The event features an agility and rally course, a silent auction, vendors, trainers, dog demos, fun competitions for dogs of all ages and abilities, and food and drink. The “Call Of The Wild” sled dogs will also be on hand. » Continue Reading.
Posts Tagged ‘Fires’
It’s dry. Too dry. I dug a hole the other day and it was like digging in a sand box. A foot down and the dirt was still bone dry. I only remember one other drought like this, when I was at Paul Smiths. Doc Kudish pointed out to me that the leaves on the trees were actually wilting. The same thing is happening now, and there’s even a few that are starting to change color. And it’s not because it’s been cool out.
Both of the spring-fed streams that run through the property are dry because the water table has dropped so low. There are no blueberries, which is a shame because wild blueberries are hands-down one of the greatest foods known to man. We did get some rain earlier this week, and it was much needed, but it’s not enough to make up for what we haven’t gotten over the course of the summer. » Continue Reading.
I threw another piece of wood on the fire. It was some leftover wood from last year’s hurricane that had blown down during the storm. The red pines that came down around here were huge old trees, but growing in sand a lot them just tipped over.
Back in the cabin, the woodstove hasn’t been used in months. I think back to all the winter nights when I really would have liked to see the fire. But my stove doesn’t have any glass in it, just a big black box. A little bit of light is nice when the sun goes down at five in the afternoon. » Continue Reading.
The recent exploits of Nik Wallenda at Niagara Falls call to mind North Country folks who once performed daredevil stunts and amazing feats, some of them more than a century ago. One who secured his place in history was Robert Emmet Odlum, a St. Lawrence County native whose most famous effort earned him footnote status in the story of one of America’s most famous landmarks.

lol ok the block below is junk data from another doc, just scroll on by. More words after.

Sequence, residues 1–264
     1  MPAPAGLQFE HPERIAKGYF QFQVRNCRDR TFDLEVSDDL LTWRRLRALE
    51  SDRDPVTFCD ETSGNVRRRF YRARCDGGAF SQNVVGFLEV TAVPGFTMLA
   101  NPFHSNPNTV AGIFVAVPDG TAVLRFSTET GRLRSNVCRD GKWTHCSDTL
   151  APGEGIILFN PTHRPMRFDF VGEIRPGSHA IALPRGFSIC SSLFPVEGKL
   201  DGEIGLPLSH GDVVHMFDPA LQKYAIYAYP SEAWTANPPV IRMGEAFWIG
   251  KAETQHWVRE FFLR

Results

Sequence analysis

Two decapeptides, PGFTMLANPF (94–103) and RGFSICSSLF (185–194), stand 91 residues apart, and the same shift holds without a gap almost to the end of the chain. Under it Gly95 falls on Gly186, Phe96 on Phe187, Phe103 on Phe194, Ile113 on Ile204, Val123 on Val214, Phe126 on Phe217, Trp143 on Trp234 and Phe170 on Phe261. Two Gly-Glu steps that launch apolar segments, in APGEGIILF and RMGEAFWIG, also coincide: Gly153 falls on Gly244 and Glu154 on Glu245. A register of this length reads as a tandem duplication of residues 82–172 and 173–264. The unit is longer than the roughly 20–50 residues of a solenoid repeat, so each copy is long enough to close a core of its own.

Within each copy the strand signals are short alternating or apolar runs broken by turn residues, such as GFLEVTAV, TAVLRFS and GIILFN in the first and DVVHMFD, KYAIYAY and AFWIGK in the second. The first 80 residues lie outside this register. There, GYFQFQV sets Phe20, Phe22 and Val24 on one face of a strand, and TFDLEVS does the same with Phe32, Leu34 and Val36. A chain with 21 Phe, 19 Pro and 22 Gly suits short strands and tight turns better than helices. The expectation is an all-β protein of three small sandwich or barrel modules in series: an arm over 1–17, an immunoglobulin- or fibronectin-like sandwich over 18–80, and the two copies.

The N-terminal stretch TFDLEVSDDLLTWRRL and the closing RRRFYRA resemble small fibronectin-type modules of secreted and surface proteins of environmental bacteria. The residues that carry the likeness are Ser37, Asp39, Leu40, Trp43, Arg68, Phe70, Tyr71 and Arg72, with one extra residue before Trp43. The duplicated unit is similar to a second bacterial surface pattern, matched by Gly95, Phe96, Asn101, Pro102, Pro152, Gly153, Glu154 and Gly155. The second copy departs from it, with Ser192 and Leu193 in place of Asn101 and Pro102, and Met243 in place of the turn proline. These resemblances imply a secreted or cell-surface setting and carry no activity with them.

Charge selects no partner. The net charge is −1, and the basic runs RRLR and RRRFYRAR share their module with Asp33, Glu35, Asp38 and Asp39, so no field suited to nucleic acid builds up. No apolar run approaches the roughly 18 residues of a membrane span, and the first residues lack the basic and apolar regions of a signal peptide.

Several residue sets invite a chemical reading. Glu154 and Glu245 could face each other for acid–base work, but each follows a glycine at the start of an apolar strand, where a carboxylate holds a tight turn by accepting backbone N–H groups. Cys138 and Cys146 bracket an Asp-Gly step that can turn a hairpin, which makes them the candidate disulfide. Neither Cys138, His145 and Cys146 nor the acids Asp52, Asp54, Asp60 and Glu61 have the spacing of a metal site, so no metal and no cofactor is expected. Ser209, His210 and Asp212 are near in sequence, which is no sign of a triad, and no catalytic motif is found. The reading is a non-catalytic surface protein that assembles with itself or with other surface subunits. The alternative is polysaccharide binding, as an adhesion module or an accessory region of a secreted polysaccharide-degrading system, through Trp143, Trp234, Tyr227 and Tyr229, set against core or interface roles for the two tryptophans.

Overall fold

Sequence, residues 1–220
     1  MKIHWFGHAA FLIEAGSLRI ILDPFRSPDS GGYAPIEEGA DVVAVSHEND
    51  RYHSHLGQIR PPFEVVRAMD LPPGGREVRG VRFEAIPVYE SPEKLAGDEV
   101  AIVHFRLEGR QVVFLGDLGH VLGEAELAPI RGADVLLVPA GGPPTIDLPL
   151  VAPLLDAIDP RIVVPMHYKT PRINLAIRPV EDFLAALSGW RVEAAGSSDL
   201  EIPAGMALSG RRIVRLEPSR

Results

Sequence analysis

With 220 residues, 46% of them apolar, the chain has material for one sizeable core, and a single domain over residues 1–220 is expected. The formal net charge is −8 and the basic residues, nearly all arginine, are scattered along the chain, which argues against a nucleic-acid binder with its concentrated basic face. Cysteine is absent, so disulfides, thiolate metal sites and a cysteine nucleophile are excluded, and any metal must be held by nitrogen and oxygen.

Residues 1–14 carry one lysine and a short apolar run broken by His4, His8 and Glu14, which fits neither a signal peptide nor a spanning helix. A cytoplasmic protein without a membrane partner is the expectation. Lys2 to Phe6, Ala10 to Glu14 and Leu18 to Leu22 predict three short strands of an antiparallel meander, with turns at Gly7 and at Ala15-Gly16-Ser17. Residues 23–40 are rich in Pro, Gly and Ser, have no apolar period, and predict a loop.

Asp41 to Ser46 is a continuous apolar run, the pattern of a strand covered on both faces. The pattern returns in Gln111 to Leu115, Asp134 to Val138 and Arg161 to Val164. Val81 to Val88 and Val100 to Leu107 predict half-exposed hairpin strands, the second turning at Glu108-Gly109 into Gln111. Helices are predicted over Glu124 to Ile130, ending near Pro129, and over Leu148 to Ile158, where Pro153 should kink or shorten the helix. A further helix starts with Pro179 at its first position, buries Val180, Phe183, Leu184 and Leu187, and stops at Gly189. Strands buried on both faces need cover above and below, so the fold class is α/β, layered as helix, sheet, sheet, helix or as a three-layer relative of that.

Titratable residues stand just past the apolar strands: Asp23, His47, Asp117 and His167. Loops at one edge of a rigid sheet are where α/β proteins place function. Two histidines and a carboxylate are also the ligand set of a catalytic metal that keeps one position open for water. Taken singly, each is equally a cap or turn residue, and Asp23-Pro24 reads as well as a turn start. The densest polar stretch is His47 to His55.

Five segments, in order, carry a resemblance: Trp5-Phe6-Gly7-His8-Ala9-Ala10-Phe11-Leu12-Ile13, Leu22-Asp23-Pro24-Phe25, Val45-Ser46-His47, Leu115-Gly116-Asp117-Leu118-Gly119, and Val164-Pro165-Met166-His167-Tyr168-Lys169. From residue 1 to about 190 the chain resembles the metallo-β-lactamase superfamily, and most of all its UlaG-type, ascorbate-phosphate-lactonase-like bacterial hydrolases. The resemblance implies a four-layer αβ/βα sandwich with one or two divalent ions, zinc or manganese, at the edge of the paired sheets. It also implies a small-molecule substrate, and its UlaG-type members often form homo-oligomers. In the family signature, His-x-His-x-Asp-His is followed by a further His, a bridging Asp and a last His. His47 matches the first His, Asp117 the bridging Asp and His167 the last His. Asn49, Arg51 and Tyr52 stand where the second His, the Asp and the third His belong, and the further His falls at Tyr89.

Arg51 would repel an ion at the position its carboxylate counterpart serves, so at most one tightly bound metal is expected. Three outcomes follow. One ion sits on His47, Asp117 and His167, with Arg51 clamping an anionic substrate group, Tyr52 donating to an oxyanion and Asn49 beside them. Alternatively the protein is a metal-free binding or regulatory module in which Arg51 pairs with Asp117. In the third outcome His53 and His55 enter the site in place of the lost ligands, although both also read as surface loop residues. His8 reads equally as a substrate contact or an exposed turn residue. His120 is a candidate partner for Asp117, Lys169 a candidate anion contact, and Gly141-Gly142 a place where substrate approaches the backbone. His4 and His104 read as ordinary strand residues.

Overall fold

While Odlum’s origins (he was born August 31, 1851) have been reported as Washington, DC, and Memphis, Tennessee, he was born in St. Lawrence County, New York. That information is in stone, literally―Ogdensburg is the birthplace that is carved into the obelisk atop Odlum’s grave. (He was buried in Washington, which may account for some of the confusion.)
Robert’s entire life was linked to water, beginning with the St. Lawrence River, where it is said that he learned to swim as a very young child. That information comes from his mother, who wrote Robert’s life story after he died. » Continue Reading.
Chilson Volunteer Fire Department will celebrate hold its second antique and classic firefighting equipment show at the department’s annual barbecue. The event, which is open to the public, takes place on Saturday, July 14th at the department’s headquarters, 60 Putts Pond Road in Ticonderoga. Festivities begin at noon and the barbecue will be served beginning at 2:00 p.m. The barbecue – a summer tradition for the Ticonderoga-Chilson community – includes chicken and all the fixins, as well as an afternoon of music, entertainment and fun for the whole family.
Last year’s event sold out, with more than 350 in attendance and a good showing of classic trucks; this year organizers expect even more antique and classic fire trucks, as the show is catching on with area departments and collectors. Antique and classic fire trucks from around the region will compete for trophies. » Continue Reading.
Although there has been some considerable snow in the High Peaks this week, and rain, sleet, and snow across the North-Central and Northern Adirondacks, the fire danger remains elevated. Continued abnormally dry conditions and drier weather this weekend could raise the fire danger from MODERATE to HIGH. More than 20 wildfires have been reported so far this year in the Adirondack region, including 17 in DEC Region 5, which have burned nearly 60 acres.
» Continue Reading.